Library collection development can be a complex process. As a rule, unless yours is a legal deposit repository, some manner of selection has to take place. Every institution has constraints of space and budget which require limits to be set. A library chooses particular areas in which to collect and holds to those, in order to keep the collection germane to its mission. For the Phillips, a library with a long and tangled history, that mission has not remained constant, and so our collecting interests have shifted.
Ship Thomas Perkins of Salem in Canton River, 1840, Sunqua
Recently I completed processing the David Pingree (1795-1863) Papers. The collection is central to the study of many important subjects in early American history, notably major developments in American commerce. The Pingree family businesses began early and coincided with the Golden Age of shipping in Salem.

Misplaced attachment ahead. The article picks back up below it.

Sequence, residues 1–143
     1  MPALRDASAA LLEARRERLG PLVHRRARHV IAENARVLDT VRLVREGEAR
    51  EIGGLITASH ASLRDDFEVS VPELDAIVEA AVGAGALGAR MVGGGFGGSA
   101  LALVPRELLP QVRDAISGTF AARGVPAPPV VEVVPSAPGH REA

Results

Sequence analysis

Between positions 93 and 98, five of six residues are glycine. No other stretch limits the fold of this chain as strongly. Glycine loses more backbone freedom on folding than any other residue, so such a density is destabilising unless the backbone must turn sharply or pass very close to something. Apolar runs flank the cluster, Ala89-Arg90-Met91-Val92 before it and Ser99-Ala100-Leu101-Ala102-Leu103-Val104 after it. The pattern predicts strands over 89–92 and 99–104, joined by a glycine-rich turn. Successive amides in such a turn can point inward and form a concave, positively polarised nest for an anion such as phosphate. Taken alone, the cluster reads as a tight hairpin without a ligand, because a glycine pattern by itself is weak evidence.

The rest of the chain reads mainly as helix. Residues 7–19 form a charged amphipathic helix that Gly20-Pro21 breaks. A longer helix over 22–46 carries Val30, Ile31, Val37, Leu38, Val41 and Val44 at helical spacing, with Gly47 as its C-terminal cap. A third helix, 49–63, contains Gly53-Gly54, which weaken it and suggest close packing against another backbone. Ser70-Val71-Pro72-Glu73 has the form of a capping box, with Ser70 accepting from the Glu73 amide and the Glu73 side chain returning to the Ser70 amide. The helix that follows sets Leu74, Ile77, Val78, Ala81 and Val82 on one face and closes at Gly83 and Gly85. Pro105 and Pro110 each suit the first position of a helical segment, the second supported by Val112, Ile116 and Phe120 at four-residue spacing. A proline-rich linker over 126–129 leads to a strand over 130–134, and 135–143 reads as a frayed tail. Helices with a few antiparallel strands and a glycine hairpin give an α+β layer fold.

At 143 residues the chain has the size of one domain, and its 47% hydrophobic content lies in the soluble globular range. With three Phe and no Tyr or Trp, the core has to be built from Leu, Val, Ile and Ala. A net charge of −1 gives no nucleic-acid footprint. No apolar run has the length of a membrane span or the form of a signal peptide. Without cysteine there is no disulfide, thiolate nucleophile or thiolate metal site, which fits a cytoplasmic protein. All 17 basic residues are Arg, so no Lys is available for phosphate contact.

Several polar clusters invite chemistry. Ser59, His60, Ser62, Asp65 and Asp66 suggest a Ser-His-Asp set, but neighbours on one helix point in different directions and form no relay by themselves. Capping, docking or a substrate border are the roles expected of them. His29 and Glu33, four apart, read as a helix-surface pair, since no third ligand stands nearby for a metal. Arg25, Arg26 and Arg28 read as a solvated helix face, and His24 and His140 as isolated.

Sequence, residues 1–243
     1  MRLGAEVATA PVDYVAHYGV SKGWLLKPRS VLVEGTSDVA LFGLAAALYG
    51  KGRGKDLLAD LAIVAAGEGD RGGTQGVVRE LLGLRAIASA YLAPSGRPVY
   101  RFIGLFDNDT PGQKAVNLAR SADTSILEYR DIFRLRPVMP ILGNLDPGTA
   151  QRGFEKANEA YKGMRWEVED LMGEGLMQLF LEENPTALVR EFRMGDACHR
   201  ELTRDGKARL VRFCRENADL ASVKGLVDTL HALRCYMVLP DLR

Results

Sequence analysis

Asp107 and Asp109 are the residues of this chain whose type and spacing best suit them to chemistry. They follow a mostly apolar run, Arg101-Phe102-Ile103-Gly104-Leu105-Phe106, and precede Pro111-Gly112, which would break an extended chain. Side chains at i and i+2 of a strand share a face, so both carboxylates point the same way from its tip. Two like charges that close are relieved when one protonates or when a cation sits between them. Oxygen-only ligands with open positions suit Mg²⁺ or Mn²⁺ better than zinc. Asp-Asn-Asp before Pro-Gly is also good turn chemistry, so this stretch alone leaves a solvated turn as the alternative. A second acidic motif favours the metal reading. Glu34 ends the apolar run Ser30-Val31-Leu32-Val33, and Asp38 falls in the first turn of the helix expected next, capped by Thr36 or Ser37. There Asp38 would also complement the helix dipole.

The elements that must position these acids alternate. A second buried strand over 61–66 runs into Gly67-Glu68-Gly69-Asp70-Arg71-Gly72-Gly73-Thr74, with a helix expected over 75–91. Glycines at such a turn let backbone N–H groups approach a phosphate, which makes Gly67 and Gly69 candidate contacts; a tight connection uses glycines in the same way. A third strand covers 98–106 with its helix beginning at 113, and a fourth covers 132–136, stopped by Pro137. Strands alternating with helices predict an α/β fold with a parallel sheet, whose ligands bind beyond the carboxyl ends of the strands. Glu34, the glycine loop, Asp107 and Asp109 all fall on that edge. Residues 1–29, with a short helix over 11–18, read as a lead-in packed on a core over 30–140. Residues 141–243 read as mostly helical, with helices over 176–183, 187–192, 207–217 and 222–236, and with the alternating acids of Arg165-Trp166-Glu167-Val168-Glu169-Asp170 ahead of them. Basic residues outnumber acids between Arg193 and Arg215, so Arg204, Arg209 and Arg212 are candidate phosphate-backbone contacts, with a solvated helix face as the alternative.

Orders from Elias Hasket Derby for Stephen Phillips, Jr., master of the ship Eliza for Bilboa, July 9,1794
The Phillips Library provides access for scholars and researchers to a remarkable collection of unique and rare materials. Its patrons are curators and staff of the Peabody Essex Museum, scholars and researchers from around the world, local historians, and general readers. The library collects printed materials and manuscripts related to the major collection areas of the museum, and it builds on traditional strengths developed over more than two centuries of collecting.
Many people are curious about what a manuscript processor or archivist in an art museum library does. Let’s start with what a manuscript is. Read more